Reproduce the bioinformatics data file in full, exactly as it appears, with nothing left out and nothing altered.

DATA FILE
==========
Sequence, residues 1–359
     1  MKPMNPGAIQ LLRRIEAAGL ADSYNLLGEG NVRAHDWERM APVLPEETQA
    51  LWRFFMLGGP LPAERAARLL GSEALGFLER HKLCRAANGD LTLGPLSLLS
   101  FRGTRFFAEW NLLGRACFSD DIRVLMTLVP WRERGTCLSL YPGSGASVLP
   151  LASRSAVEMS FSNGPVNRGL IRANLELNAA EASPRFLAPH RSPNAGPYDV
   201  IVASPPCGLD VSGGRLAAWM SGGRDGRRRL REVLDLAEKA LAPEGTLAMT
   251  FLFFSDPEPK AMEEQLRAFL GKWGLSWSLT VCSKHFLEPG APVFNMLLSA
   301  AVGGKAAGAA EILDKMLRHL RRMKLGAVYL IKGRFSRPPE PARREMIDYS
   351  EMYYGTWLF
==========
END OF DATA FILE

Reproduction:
Sequence, residues 1–359
     1  MKPMNPGAIQ LLRRIEAAGL ADSYNLLGEG NVRAHDWERM APVLPEETQA
    51  LWRFFMLGGP LPAERAARLL GSEALGFLER HKLCRAANGD LTLGPLSLLS
   101  FRGTRFFAEW NLLGRACFSD DIRVLMTLVP WRERGTCLSL YPGSGASVLP
   151  LASRSAVEMS FSNGPVNRGL IRANLELNAA EASPRFLAPH RSPNAGPYDV
   201  IVASPPCGLD VSGGRLAAWM SGGRDGRRRL REVLDLAEKA LAPEGTLAMT
   251  FLFFSDPEPK AMEEQLRAFL GKWGLSWSLT VCSKHFLEPG APVFNMLLSA
   301  AVGGKAAGAA EILDKMLRHL RRMKLGAVYL IKGRFSRPPE PARREMIDYS
   351  EMYYGTWLF